Peninsula Hotels bought the freehold from the Bongiornos on 27 April, 1970 for $135,000 and John James (Jack) Gardner of that company took over the licence on 1 July, 1970. Freehold ownership passed to K.V.Walsh Holdings on 18 October, 1972 and two days later Kenneth Vernon Walsh became the licensee. On 3 August, 1973 he applied for a permit to build a drive-in bottle shop at a cost of $41,569 at the rear of the hotel.
Bernard John Taylor
On 23 February, 1976 Bernie Taylor swapped his career in the computer industry to become proprietor of the Grand. He originally planned to stay for a month and then move someone else in but things didn’t work out so he stayed on.
Exactly two years to the day after Bernie Taylor took over, major alterations and renovations took place. The cost was $250,000 and it took eight months to complete. The main alterations were an additional saloon bar and a bistro to replace the dining area, and the public bar was enlarged. The upstairs was converted into offices and a function room.
Since 1976 when Bernie Taylor took over the Grand Hotel he has set about sympathetically renovating the facade and modernising the interior, without losing touch with the past, with major renovations taking place in 1978, 1988, 1995, 2003 and 2014.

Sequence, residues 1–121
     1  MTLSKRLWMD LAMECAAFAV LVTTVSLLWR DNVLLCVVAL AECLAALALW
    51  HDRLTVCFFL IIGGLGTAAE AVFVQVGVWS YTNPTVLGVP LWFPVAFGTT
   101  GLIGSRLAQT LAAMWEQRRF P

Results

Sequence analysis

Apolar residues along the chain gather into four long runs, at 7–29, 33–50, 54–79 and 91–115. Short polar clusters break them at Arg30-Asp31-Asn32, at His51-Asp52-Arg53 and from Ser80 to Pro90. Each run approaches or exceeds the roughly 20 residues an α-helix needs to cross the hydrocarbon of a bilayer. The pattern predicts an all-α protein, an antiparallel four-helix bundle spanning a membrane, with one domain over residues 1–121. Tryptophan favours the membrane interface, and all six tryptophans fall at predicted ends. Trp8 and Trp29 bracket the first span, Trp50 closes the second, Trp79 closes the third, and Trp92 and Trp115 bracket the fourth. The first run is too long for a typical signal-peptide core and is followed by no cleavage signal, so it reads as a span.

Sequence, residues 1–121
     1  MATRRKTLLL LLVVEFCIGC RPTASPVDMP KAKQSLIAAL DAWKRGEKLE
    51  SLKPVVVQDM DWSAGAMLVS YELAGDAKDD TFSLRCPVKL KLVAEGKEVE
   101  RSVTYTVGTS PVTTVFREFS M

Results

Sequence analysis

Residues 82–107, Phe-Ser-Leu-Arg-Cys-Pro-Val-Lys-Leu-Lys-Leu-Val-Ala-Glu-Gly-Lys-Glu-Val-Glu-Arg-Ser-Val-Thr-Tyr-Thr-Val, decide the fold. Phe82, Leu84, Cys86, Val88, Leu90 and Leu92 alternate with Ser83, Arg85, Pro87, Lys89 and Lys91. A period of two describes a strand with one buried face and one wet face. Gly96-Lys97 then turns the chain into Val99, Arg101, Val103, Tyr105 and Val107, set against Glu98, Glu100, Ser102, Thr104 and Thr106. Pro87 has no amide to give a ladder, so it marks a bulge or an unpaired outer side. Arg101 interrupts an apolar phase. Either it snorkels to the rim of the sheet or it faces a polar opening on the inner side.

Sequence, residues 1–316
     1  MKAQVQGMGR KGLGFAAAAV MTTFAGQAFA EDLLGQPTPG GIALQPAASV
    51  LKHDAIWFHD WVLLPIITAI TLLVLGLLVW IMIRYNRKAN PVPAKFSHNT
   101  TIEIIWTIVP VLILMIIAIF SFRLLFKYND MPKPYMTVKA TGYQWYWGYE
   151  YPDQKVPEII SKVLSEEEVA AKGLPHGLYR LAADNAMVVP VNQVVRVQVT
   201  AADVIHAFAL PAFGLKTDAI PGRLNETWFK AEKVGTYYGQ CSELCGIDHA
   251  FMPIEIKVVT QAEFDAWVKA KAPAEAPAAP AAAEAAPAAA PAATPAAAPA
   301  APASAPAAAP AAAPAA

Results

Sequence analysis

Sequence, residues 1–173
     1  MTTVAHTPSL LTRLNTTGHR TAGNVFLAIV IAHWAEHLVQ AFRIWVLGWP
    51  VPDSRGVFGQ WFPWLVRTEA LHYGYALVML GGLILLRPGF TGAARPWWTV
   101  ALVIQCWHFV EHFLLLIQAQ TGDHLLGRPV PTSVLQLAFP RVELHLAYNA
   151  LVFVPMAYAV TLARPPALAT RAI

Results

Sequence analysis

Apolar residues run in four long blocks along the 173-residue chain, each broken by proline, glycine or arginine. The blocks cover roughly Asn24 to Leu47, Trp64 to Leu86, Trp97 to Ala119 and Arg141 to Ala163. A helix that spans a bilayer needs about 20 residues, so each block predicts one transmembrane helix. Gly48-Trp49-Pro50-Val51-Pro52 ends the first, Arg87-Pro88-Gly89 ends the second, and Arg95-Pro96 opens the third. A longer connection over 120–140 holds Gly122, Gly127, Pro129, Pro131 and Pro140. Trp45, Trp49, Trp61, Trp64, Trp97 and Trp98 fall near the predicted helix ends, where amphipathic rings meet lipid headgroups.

Today in the lounge bar off Main Street the original brickwork has been exposed while furnishing the restaurant in the traditional style necessitated the manufacture of two chandeliers of the old gaslight type to match the décor. Another feature of the lounge is the preservation of two large windows which were part of the original building but were obscured by the 1919 extensions, which Bernie discovered during earlier renovations.
While the closing of the railway line to Mornington in 1981 was a setback, the development of the Wednesday market which took place during Bernie’s ten year term (1983-1994) as President of the Chamber of Commerce brought many people to shop in the town.
From the outset it was one of Bernie’s aims to reinstate the tower, and this was achieved in 1986. When Bernie applied for the permit to rebuild the tower, the Council granted it without cost as they felt it was an important project for the promotion of Mornington. All the tradesmen charged only for materials; their labour was free. Even the architect who drew up the plans for the tower did it at no cost; it was truly a community effort.
Over the years further developments have occurred. In 1988 the Cruze Club opened upstairs which led to 24 hour trading. The renovations to establish the Cruze Club significantly modified the upstairs layout. A lounge and dance floor replaced the function room, bars were relocated and some of the remaining bedrooms were converted into offices. A DJ console was constructed in the area occupied by the original staircase.
In 1991 the Pub Tab opened in a space beside the then bottle shop on Main Street and in September 1992 poker machines arrived at the Grand Hotel giving rise to the need for a Gaming Room and further changes. In June, 1994 an application for a verandah addition to the front of the hotel, and the use of a section of pavement under the verandah for alfresco dining, was approved.